consumers beware!
Banking Ombudsman vs consumer courts
For your banking complaints, it is better to go to the Ombudsman for a quick solution
Pushpa Girimaji

For a complaint against a bank, which forum of redress is better the Banking Ombudsman or the consumer court? Can I file in both the forums?

Compared to the consumer courts constituted under the Consumer Protection Act, 1986, the procedure before the Banking Ombudsmen, instituted under Section 35A of the Banking Regulation Act 1949, is quicker and simpler. You can even file the complaint online. The Ombudsman tries to bring both the parties (the bank and the consumer) together for a settlement through conciliation and mediation, and if it is accepted, passes an order specifying the terms of the agreement, which is binding on both the parties. If the complaint is not resolved through such a settlement within a month, then he will proceed to pass an award, after giving both the parties an opportunity to put forth their points of view. The complainant can accept or reject the award. However, there is a ceiling of Rs 10 lakh on the compensation that the Ombudsmen can award. Also, barring complaints pertaining to credit card operations of banks, where it can award compensation up to Rs 1 lakh towards mental agony and harassment, in all other cases, the Ombudsman cannot award compensation for mental anguish. Even otherwise, the compensation is limited to the loss caused as a direct consequence of the bank's action or inaction. The consumer courts do not have these restrictions on the compensation and can award damages for any loss or injury suffered by the consumer as a result of the negligent or deficient service provided by the bank. The consumer courts can also award punitive damages and costs of litigation.

The Ombudsmen can hear complaints against deficiency in almost all banking services. They can also redress complaints pertaining to the banks' failure to follow the Reserve Bank of India's guidelines or directives or instructions and non-adherence to the Fair Practices Code for lenders or the code of Banks' Commitment to Customers issued by the Banking Codes and Standards Board of India.,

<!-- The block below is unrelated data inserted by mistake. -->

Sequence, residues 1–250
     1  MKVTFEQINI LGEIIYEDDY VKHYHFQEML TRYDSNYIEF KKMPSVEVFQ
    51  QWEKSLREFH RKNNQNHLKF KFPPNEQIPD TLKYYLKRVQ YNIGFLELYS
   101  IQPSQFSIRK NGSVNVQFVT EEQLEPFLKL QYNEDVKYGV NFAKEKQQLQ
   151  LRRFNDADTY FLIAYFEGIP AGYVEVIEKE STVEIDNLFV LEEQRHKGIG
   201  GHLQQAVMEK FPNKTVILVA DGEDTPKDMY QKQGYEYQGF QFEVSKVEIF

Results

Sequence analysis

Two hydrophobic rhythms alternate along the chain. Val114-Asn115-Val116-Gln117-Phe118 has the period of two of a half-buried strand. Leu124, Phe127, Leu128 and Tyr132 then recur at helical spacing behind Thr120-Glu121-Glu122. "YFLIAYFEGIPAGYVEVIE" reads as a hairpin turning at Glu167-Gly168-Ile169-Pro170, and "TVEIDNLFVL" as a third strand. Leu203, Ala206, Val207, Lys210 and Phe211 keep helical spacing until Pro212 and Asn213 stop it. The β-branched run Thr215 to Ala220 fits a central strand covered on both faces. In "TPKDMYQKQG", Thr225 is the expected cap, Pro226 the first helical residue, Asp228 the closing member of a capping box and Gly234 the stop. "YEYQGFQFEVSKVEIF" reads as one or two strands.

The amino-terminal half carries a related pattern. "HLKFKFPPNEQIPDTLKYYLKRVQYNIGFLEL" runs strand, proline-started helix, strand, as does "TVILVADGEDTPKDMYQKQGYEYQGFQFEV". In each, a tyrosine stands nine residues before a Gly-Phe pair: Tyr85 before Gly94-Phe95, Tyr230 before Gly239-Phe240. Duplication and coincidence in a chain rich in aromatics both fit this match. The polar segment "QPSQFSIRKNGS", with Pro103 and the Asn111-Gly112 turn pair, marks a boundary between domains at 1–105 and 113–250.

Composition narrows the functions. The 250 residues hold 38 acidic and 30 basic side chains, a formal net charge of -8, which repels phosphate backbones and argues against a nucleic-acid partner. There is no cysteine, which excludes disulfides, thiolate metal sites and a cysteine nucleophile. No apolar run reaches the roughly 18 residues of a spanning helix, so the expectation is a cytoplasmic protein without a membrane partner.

But before filing a complaint before the Ombudsman, you should first approach the bank and only on failing to get a reply within a month or a satisfactory response, can you file a complaint before the Ombudsman. Or else your complaint will be rejected. In 2012-2013, for example, 12.28 per cent of the complaints were rejected on the ground that they were 'first-resort complaints' or that the complainant had not approached the bank first. I must also mention that during 2012-2013, the largest percentage of complaints received by the Ombudsmen (26 per cent) pertained to non-observance of the Fair Practices Code by the banks. The next big chunk of complaints (25 per cent) was about the credit and debit card operations of banks. A total of 70,541 complaints were received by the Ombudsman during the year. (Annual report on the Banking Ombudsman Scheme, 2012-2013, released on January 31, 2014).

There is also a time limit for filing a complaint before the Ombudsman. Unlike the consumer courts, where it is two years, here the complaint must be filed within a year of your getting a negative reply from the bank.

I would suggest that if your complaint falls within the ambit of the Ombudsman and if the amount involved is not very huge, then go to the Ombudsman. Because the dispute resolution here is quick and simple - no lawyers are allowed before the Ombudsman. The process of adjudication before a consumer court, on the other hand, is long and time-consuming because of the repeated adjournments granted at the behest of lawyers. And if the decision at the district-level goes against the bank, it is sure to file appeals before the consumer court at the state and the national-level, thereby dragging on the case for years. But please remember that you cannot approach the Ombudsman and the consumer court at the same time. There are 15 ombudsmen in the country, located in various state capitals. You will have to file the complaint before the Ombudsman under whose jurisdiction the bank branch against which you have a grievance is located. In case of credit cards, where the operations are centralised, the jurisdiction is determined by your billing address.

Is there any appeal provision before the Ombudsman?

Yes, if you are not happy with the award passed by the Ombudsman or the rejection of your complaint, you can file an appeal before the Deputy Governor of RBI, who is the appellate authority. But the appeal has to be filed within 30 days of receiving the award. I must mention that the percentage of rejection of complaints by the Ombudsmen is very high. During 2012-2013, out of the maintainable complaints, 50 per cent were resolved through mutual settlement, 1 per cent through award, while 49 per cent were rejected. So I would suggest that before filing a complaint, visit www.bankingombudsman.rbi.org.in for all information on the scheme.





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